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by Don Melvin
Friday, Sep. 15, 2006 at 2:36 PM
Time to "cut and run" - Almost five years after a U.S.-led coalition attacked Afghanistan in response to the 9/11 attacks, experts warn that the country is slipping away.
U.S.-led coalition losing Afghanistan
LONDON - Almost five years after a U.S.-led coalition attacked Afghanistan in response to the 9/11 attacks, experts warn that the country is slipping away.
The Islamic fundamentalist Taliban are back, controlling half the country by some estimates. Fighting in the south is some of the fiercest that Western troops have faced in 50 years.
On Wednesday, NATO announced that suicide bombings have killed 173 people in the country this year amid an escalation of violence that has seen at least 40 militants slain and an aid worker gunned down.
Beyond that, opium production has soared almost 60 percent this year, according to the U.N. Office on Drugs and Crime. And extreme poverty is driving people back into the arms of the Taliban, according to a European think tank.
In short, many international experts think that the war on terror is on the verge of being lost in Afghanistan while the U.S. forces grapple with continuing problems in Iraq.
"The U.S. has lost control in Afghanistan and has in many ways undercut the new democracy in Afghanistan," said Emmanuel Reinert, executive director of the Senlis Council, a policy research group with offices in London, Paris, Brussels and Afghanistan.
"I think we can call that a failure, and one with dire consequences which should concern us all. The U.S. policies in Afghanistan have re-created the safe haven for terrorism that the 2001 invasion aimed to destroy."
This is a startling reversal from the early heady days. The initial victory came quickly after U.S.-led offensive began on Oct. 7, 2001. Kabul, the capital, fell on Nov. 13. A few days later, most of the country was under the control of the coalition and its Afghan partners, the Northern Alliance.
But things have begun to go very wrong. Violence has flared, particularly in the southern provinces of Kandahar, Helmand, Uruzgan and Zabul. In June, an American-led force of 11,000 troops launched the biggest offensive against Taliban insurgents in Afghanistan since 2001, in a push named Operation Mountain Thrust.
The result has been fighting that American and British officers have described as ferocious. An analysis of coalition casualty figures from May 1 to Aug. 12 by the U.K.-based Royal Statistical Society showed that an average of five coalition soldiers were killed by the Taliban every week, twice as many as during the 2003 invasion of Iraq.
Afghanistan, a mountainous country of 31 million people that is slightly smaller than Texas, has long been a graveyard for foreign troops. Most recently, in 1989, the Soviet Union pulled out after nine years of trying to control the country ended in failure.
On Aug. 1 of this year, 8,000 NATO forces took military control in the south from the U.S.-led coalition. But the situation has not stabilized. NATO commanders are calling for up to 2,500 more troops to augment the 18,500 already there, along with greater air support.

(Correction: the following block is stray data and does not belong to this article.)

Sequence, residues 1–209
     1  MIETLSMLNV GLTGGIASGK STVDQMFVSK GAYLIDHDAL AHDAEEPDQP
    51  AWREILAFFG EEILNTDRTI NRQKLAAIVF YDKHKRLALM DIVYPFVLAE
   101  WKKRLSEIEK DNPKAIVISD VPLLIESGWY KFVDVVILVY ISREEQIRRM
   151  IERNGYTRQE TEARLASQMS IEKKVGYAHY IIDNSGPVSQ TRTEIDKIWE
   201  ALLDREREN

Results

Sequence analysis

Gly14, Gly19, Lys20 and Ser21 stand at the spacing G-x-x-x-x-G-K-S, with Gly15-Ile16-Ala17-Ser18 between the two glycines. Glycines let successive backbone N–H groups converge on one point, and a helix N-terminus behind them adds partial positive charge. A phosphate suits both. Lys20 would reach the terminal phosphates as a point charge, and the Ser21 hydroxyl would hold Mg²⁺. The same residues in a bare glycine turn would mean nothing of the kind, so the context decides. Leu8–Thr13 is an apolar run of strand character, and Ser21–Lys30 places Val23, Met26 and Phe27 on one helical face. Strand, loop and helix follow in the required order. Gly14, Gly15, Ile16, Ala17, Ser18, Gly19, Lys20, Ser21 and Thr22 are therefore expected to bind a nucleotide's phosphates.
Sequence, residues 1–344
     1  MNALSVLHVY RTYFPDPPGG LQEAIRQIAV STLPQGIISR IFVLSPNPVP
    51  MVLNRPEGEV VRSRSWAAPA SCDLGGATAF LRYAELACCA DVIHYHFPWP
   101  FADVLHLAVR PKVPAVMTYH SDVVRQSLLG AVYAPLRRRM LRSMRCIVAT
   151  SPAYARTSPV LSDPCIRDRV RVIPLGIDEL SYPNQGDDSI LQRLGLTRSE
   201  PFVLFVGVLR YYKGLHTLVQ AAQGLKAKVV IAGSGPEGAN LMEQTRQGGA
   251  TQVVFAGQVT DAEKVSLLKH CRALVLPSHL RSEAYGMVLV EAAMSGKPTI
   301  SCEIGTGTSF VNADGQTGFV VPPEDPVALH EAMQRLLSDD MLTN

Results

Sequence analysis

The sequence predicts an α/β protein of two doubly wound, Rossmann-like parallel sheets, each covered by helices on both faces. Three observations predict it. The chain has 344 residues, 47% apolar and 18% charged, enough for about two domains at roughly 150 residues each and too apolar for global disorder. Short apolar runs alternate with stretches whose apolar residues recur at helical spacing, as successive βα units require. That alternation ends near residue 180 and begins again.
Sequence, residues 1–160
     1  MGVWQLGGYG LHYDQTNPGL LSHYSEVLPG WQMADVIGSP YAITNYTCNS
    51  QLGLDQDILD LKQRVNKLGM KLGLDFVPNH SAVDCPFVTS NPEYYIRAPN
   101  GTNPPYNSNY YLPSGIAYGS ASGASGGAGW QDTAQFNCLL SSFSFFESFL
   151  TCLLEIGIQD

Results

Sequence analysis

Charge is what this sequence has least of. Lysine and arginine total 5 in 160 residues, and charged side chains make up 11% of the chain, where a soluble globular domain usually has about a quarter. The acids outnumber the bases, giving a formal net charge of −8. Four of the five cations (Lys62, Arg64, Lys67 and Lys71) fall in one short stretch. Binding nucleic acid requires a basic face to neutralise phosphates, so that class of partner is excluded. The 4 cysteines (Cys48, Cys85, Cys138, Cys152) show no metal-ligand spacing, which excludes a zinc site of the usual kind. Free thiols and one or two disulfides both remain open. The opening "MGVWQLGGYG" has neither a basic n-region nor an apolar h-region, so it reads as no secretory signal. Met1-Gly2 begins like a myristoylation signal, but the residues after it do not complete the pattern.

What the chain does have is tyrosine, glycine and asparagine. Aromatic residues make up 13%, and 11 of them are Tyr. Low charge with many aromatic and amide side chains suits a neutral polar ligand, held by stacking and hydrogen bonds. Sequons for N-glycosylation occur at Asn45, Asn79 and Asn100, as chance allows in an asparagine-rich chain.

U.S. Gen. James Jones, NATO's supreme allied commander, said the alliance's 26 nations had failed to deliver fully on commitments to staff and equip its force in the country. He said much of the international strategy for Afghanistan's reconstruction was on "life support," the Financial Times newspaper reported.
Foreign ministers from the alliance's 26 member nations will meet in New York next week to discuss NATO's operation in Afghanistan. But so far, the London-based Times newspaper reported, citing unnamed sources, most NATO countries have balked at the thought of sending more troops. Only tiny Latvia is reported to have responded positively, promising to increase its troop presence in Afghanistan from 36 to 56.
Just as violence has increased, opium cultivation has also reached record levels. The U.N. Office on Drugs and Crimes reported this month that about 408,000 acres are now being used to grow opium, up 59 percent this year alone. In 2001, during the last year of Taliban rule, the figure was less than 20,000 acres
The Taliban cracked down on opium cultivation then, but now may be thriving on it. Revenue from the harvest is expected to be over billion this year, said Antonio Maria Costa, the head of the Office on Drugs and Crime.
Reinert, of the Senlis Council, believes that efforts to eradicate opium cultivation are part of the reason the U.S.-led coalition has lost the battle for the hearts and minds of the Afghan population.
Farmers whose crops have been forcibly eradicated often have no other means of feeding their families, he said.
"There is a really huge humanitarian crisis in southern Afghanistan," he said. "I have never seen that in Afghanistan before. It's like Darfur. That's like 15 minutes away from the Canadian camp in Kandahar."
While the coalition eradication effort fuels anger, Reinert said, the Taliban, using "social-service tactics," respond to the needs of the poor, compensating farmers whose opium has been eradicated by the coalition.
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